Keep in mind that you don't need a recipe to make couscous. Simply boil the grain in water or stock as directed on the package label. Depending on the amount you cook, it will take just a few minutes to fluff up and cook. Then throw in fresh herbs, top with your favorite roasted vegetables or simply spoon it next to a piece of lean grilled fish or poultry for a healthy, satisfying meal.

Allergies and Interactions

If you have a wheat allergy, you should avoid couscous, according to the Food Allergy Research and Education Center. You may experience symptoms including hives or even severe reactions, such as anaphylaxis. The source recommends keeping an epinephrine auto-injector (such as an EpiPen) with you at all times.

9 Sources
Verywell Fit uses only high-quality sources, including peer-reviewed studies, to support the facts within our articles. Read our editorial process to learn more about how we fact-check and keep our content accurate, reliable, and trustworthy.
  1. U.S. Department of Agriculture. Agricultural Research Service. Couscous, cooked. April 1, 2019.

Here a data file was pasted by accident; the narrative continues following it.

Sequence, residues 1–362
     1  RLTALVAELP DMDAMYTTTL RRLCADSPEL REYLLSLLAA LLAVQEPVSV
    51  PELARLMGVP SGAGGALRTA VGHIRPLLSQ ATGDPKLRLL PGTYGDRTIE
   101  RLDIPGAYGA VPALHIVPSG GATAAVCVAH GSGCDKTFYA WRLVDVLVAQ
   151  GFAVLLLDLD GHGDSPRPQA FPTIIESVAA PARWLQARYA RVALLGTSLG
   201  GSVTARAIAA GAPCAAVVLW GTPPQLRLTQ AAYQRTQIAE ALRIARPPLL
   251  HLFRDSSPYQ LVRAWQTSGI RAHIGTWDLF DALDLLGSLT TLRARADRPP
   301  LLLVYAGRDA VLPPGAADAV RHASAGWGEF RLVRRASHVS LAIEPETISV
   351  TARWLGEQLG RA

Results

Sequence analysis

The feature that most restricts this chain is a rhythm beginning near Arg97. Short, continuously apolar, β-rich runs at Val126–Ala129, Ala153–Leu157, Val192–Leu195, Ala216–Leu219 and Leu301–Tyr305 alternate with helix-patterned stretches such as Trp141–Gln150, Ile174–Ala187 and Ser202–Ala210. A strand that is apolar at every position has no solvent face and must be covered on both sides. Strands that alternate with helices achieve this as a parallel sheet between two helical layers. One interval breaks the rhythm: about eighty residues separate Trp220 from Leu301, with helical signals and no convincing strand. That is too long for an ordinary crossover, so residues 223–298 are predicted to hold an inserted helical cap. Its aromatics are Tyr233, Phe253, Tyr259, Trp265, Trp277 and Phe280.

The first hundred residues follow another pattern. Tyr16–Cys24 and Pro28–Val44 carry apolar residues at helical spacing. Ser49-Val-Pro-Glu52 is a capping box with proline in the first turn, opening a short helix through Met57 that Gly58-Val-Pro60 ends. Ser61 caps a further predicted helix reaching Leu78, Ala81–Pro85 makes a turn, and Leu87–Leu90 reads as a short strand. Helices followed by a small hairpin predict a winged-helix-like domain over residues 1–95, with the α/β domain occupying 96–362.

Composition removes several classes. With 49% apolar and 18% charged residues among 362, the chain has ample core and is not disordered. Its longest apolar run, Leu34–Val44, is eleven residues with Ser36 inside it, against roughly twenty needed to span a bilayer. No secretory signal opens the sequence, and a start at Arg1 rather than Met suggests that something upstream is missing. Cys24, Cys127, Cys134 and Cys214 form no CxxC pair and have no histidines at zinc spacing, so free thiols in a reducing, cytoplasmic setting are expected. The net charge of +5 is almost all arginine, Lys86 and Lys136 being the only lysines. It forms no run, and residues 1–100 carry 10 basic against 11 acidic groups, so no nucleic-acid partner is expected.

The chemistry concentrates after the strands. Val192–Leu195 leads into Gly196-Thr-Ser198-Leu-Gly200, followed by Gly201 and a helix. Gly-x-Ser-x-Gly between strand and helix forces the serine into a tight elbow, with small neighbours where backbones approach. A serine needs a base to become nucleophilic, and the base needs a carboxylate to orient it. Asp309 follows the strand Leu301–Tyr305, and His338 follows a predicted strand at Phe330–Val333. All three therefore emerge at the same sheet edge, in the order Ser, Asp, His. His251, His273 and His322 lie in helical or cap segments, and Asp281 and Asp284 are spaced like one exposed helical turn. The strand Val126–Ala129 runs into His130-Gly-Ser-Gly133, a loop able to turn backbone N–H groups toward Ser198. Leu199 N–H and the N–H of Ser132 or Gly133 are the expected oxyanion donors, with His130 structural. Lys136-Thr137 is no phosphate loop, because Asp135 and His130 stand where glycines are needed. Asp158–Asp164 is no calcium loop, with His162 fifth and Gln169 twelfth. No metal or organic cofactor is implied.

2. Harvard Health Publishing. Glycemic Index for 60+ Foods. January 06, 2020.

  3. U.S. Department of Agriculture. Agricultural Research Service. Rice, white, glutinous, unenriched, cooked. April 1, 2019.

  4. U.S. Department of Agriculture. Agricultural Research Service. Rice, brown, long-grain, cooked. April 1, 2019.

  5. Harvard T.H. Chan School of Public Health. Fiber.

  6. Harvard Health. The Truth About Fats. December 11, 2019.

  7. Bob's Red Mill. Whole Wheat Pearl Couscous.

  8. U.S. Department of Agriculture. Agricultural Research Service. Near East Couscous Broccoli & Cheese Rice. March 19, 2021.

  9. Wheat. Food Allergy Research & Education.

By Malia Frey
 Malia Frey is a weight loss expert, certified health coach, weight management specialist, personal trainer​, and fitness nutrition specialist.